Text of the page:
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About the dealer
About the object
UPPER PERU (NOW BOLIVIA), Moxos or Chiquitos, circa 1770
A Coca Box (Coquera) shaped in the form of a large scallop shell. The hinged cover is formed by radiating gadroons, interspersed with strips of rocaille foliate carvings. The cover is punctuated by an elaborate roundel depicting two figures surmounted by an eagle carved in relief. The sides of the box are decorated with exotic foliage motifs interspersed with putti, birds and monkeys. The box is supported by three wooden feet in the shape of mythological female creatures and scrolls. The interior compartments lined in green velvet. With silver hinges. Hasp replaced.
This coquera would typically have been used to store coca leaves, which were chewed in Peru before the arrival of the Spaniards and continued to be consumed in colonial times. They could also be used to store yerba maté infusions, preserves and sweets. From 1572 until the expulsion of the Jesuits in 1767, the Jesuits carried out a series of missions in Upper Peru, today known as Bolivia. As part of their missionary activities, the Jesuits organised classes in art and trade for the native peoples – the Guarani – in an attempt to convert, educate and train them in arts and crafts. Coca boxes or coqueras were made of precious metals and carved wood. The missions in Moxos and Chiquitos achieved a great deal of recognition for their woodwork and carving, and these wooden boxes would have been covered with silver leaf to resemble the more expensive gold and silver versions. The boxes were exported as luxury goods to the rest of the viceroyalty of Peru. Trade to the western Andes took place through Cochabamba and Potosí, which promoted an active cross-fertilisation of ornamental designs between the lowlands and the Altiplano. While some boxes of this type can be quite simple, the box offered here incorporates the highest quality carving, and a complex and ambitious design (See ‘The Colonial Andes: Tapestries and Silverwork, 1530-1830’, by Elena Phipps, Johanna Hecht, and Cristina Esteras Martín (The Metropolitan Museum of Art, 2004), p.342).
The green velvet lining of the interior compartments is European, and dates from the 19th Century or possibly earlier. This confirms that the coquera was made for export and would have been lined when it arrived in Europe during the 19th Century or perhaps earlier, as coqueras were not lined in this way in Alto Peru.
In ‘The Colonial Andes: Tapestries and Silverwork, 1530-1830’, Johanna Hecht notes that, unlike the silver coqueras which were made in a wide variety of forms, wooden coqueras tended to follow a design prototype: ‘the sides are densely covered with applied “cookie-cutter” relief, whose surfaces are textured with regular incisions following the form of foliate ornament, while the cockle-shell shaped hinged cover is formed by radiating gadroons … [which can be]… lent variety by other designs that are interspersed among the plain convex tongues, such as strips of rocaille foliate carving.’ Hecht illustrates a comparable coquera of similar design, also believed to originate from Moxos or Chiquitos and dated circa 1775, which is housed in the collection of the Museo de Arte de Lima. She comments that: ‘Most wood coqueras are either flat or stand on silver ball-feet. The distinctive aspect of this piece lies in the integration of its four wooden feet, formed of winged cherubs’ (ibid, p.342). Our coquera shares this unusual form, being supported by three wooden feet in the shape of mythological female creatures.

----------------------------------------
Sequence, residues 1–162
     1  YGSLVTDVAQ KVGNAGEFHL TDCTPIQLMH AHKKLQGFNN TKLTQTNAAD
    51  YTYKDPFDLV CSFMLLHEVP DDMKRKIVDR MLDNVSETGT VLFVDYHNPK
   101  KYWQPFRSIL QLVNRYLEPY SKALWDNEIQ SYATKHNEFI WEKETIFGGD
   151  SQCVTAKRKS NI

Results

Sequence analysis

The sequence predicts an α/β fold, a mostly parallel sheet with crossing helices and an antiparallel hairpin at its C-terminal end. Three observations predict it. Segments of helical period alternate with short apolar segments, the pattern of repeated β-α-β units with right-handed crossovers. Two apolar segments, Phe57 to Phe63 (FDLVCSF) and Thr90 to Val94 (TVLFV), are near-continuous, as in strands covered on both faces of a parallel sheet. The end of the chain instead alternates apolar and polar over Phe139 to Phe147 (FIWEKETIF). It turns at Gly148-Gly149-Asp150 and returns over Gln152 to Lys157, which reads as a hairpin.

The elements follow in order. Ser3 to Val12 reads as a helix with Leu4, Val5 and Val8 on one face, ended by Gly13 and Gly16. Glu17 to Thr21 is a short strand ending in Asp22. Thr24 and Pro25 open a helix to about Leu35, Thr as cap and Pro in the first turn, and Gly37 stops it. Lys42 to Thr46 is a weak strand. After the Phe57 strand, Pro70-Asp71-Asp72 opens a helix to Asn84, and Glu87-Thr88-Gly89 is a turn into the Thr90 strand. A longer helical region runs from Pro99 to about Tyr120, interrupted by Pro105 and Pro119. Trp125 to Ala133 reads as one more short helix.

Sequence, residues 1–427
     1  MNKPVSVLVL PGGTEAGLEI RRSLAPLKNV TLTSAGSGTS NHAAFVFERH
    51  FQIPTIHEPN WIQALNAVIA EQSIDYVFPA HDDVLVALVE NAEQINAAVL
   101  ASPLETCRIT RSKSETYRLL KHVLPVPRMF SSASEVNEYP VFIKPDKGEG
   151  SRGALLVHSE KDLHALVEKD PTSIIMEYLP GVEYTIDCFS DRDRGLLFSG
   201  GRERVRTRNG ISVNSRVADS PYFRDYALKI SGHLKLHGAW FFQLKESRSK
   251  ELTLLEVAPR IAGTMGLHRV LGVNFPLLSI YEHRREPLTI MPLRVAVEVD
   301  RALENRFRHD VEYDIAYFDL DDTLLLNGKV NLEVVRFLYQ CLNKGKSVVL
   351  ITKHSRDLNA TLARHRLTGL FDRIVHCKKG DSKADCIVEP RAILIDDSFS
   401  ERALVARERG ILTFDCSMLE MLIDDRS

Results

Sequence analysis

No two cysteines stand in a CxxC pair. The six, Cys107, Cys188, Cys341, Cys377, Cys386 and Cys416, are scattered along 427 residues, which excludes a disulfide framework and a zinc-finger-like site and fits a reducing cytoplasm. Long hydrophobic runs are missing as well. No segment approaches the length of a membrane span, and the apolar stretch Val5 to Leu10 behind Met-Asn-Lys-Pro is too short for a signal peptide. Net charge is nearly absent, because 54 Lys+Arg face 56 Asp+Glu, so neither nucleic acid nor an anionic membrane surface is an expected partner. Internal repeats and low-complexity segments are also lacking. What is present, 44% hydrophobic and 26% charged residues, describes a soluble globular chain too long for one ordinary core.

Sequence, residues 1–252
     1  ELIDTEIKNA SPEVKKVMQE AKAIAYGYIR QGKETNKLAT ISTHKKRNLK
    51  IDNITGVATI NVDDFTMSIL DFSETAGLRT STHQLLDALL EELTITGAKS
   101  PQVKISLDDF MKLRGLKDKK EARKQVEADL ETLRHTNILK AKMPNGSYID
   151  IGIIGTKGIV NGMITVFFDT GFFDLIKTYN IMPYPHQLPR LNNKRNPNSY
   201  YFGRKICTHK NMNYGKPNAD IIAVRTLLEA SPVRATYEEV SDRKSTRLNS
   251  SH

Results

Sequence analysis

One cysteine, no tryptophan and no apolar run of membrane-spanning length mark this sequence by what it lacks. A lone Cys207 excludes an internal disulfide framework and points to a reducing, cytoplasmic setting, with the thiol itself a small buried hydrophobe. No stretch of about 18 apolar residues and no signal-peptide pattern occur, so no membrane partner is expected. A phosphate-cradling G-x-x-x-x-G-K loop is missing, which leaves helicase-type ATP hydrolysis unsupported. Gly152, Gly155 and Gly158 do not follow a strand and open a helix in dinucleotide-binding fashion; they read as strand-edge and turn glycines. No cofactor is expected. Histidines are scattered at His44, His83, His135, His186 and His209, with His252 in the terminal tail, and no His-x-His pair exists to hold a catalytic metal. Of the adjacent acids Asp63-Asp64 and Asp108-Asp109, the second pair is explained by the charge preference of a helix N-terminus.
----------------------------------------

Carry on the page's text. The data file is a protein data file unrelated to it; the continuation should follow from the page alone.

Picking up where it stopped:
In ‘The Colonial Andes: Tapestries and Silverwork, 1530-1830’, Cristina Esteras Martín notes that: ‘[b]oxes used for storing cocoa usually contained at least one space set aside for lime, and those intended for storing yerba maté usually had four interior compartments: the largest for the maté, the a second for sugar, and two smaller ones for cinnamon and clove or orange peel, all of which were considered necessary for enhancing the flavor of native maté.’ (ibid, p.342). As a result, the interior compartments within our coquera suggest that it might have been a yerbera (or yerbera box).
The form of our coquera was probably inspired by earlier silver spice boxes such as the scallop-shaped spice box housed in the collection of the Metropolitan Museum, New York, which is dated circa 1602/3 – see adjacent image; www.metmuseum.org/art/collection/search/205039.
Although shell-shaped boxes such as this are sometimes referred to as spice boxes, according to early seventeenth-century inventories, they were used for serving sugar, which was an expensive delicacy. In the seventeenth Century, an English tradition was to sweeten wine with sugar or honey, a habit which persisted through the seventeenth century.
The Los Angeles County Museum of Art (LACMA) has two coqueras in its collection, which are of similar size to our box and are listed as having come from Bolivia, possibly Moxos or Chiquitos, and dated circa 1770 (Coca Box (Coquera) (M.2007.30), https://collections.lacma.org/node/213445; and Coca Box (Coquera) (M.2009.104); https://collections.lacma.org/node/221069).
Another similar box is housed in the Museo de Arte Hispanoamericano Isaac Fernández Blanco, Buenos Aires.
‘The Colonial Andes: Tapestries and Silverwork, 1530-1830’, by Elena Phipps, Johanna Hecht, and Cristina Esteras Martín (The Metropolitan Museum of Art, 2004).